The apt command is a powerful command-line tool, which works with Ubuntu's Advanced Packaging Tool (APT) performing such functions as installation of new software packages, upgrade of existing software packages, updating of the package list index, and even upgrading the entire Ubuntu system.
Being a simple command-line tool, apt has numerous advantages over other package management tools available in Ubuntu for server administrators. Some of these advantages include ease of use over simple terminal connections (SSH), and the ability to be used in system administration scripts, which can in turn be automated by the cron scheduling utility.
Some examples of popular uses for the apt utility:
Install a Package: Installation of packages using the apt tool is quite simple. For example, to install the network scanner nmap, type the following:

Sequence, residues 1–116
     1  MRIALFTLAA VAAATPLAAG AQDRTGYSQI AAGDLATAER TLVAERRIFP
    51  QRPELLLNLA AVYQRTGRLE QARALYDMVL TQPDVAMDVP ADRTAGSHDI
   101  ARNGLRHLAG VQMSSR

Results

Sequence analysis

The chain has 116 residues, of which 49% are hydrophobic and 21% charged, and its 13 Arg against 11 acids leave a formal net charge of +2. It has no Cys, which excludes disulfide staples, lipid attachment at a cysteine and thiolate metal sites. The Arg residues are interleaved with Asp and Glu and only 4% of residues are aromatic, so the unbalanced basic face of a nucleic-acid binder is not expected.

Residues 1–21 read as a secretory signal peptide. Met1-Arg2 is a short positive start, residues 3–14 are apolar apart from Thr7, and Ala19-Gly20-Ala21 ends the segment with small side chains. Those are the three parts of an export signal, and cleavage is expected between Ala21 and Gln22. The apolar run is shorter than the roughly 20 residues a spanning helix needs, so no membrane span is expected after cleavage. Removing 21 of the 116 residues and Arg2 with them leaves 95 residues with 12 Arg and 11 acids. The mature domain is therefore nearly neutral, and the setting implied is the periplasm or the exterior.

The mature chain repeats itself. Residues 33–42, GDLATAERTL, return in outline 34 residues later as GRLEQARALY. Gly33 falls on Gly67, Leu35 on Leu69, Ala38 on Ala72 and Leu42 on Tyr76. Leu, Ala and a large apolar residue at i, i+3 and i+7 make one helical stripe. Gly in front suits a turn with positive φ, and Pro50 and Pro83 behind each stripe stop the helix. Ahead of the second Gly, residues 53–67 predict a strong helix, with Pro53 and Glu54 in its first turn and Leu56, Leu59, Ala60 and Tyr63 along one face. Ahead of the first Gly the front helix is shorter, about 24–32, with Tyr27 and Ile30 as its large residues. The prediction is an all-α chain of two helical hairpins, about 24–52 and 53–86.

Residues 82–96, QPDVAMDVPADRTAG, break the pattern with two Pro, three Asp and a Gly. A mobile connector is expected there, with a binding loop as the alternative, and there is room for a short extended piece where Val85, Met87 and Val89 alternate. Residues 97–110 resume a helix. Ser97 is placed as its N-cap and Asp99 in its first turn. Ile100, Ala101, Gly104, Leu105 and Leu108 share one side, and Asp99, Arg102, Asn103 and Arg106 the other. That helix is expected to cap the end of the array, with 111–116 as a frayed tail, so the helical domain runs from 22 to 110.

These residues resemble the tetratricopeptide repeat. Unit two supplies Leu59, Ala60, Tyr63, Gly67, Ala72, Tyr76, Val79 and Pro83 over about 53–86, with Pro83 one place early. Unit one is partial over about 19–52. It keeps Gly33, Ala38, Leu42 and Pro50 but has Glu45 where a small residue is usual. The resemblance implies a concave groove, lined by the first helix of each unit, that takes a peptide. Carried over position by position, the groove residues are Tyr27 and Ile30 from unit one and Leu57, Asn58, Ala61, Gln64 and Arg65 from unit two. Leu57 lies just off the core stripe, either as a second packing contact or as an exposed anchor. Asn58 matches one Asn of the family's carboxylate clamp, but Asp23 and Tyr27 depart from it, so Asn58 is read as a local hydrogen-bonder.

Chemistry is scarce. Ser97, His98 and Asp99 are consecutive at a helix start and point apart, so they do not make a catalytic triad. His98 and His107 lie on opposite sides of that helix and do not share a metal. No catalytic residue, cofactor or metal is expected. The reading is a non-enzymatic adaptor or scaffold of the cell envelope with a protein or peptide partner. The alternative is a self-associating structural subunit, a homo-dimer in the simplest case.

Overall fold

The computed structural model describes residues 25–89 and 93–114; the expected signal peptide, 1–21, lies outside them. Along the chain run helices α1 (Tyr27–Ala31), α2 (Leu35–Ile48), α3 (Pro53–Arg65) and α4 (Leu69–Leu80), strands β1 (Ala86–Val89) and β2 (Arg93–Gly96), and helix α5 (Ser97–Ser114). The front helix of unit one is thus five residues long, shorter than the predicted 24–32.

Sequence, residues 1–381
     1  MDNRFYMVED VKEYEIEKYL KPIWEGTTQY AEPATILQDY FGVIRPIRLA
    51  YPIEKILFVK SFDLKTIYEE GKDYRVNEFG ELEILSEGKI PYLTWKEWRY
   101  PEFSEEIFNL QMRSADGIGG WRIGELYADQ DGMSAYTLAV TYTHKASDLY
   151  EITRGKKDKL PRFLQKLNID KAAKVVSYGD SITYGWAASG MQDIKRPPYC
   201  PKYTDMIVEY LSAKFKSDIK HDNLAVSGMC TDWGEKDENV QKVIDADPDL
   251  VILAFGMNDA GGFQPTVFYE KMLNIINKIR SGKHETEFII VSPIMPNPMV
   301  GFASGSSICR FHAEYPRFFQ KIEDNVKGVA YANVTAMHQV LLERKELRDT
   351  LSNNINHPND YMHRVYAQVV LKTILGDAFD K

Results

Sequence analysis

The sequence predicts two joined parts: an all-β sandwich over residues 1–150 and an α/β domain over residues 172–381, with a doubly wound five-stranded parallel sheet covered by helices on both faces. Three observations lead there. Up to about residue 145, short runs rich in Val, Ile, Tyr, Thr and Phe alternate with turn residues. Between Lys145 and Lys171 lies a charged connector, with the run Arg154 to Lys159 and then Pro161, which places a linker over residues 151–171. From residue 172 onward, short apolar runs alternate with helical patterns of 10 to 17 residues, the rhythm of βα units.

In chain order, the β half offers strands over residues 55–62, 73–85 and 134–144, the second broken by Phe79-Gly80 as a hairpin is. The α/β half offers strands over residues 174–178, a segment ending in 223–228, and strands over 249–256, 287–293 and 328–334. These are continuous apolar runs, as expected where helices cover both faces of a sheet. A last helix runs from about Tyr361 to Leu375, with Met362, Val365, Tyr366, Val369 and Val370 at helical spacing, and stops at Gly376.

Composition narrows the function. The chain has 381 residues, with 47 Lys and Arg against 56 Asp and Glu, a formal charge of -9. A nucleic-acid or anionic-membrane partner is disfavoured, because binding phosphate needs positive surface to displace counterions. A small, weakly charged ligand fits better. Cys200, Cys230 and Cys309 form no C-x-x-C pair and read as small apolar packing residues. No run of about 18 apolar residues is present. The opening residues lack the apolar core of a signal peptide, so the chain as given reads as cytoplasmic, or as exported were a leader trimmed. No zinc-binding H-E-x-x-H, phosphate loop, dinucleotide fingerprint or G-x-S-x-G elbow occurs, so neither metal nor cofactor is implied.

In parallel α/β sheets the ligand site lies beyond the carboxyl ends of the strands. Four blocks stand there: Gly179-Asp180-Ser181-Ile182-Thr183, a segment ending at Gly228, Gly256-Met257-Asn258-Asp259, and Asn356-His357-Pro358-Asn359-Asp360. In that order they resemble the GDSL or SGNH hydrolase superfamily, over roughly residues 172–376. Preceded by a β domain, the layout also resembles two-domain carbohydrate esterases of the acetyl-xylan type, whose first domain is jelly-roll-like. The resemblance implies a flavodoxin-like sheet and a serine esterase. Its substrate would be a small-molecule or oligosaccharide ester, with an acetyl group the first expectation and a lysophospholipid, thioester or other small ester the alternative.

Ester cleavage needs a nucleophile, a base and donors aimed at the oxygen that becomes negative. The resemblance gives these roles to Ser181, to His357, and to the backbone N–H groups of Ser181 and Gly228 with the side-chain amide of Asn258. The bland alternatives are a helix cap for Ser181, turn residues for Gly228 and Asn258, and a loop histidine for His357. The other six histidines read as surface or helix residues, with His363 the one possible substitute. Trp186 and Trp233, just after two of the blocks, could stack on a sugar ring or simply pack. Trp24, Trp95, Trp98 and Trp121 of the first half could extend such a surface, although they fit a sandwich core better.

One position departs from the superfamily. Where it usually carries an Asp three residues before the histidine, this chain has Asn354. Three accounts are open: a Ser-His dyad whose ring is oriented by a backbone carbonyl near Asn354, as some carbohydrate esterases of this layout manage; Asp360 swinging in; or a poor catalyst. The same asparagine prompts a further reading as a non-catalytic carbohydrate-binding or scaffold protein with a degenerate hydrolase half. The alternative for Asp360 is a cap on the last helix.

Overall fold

sudo apt install nmap
Remove a Package: Removal of a package (or packages) is also straightforward. To remove the package installed in the previous example, type the following:
sudo apt remove nmap
Multiple Packages: You may specify multiple packages to be installed or removed, separated by spaces.
Also, adding the --purge option to apt remove will remove the package configuration files as well. This may or may not be the desired effect, so use with caution.
Update the Package Index: The APT package index is essentially a database of available packages from the repositories defined in the /etc/apt/sources.list file and in the /etc/apt/sources.list.d directory. To update the local package index with the latest changes made in the repositories, type the following:
sudo apt update
Upgrade Packages: Over time, updated versions of packages currently installed on your computer may become available from the package repositories (for example security updates). To upgrade your system, first update your package index as outlined above, and then type:
sudo apt upgrade
For information on upgrading to a new Ubuntu release see Upgrading.
Actions of the apt command, such as installation and removal of packages, are logged in the /var/log/dpkg.log log file.
For further information about the use of APT, read the comprehensive Debian APT User Manual or type: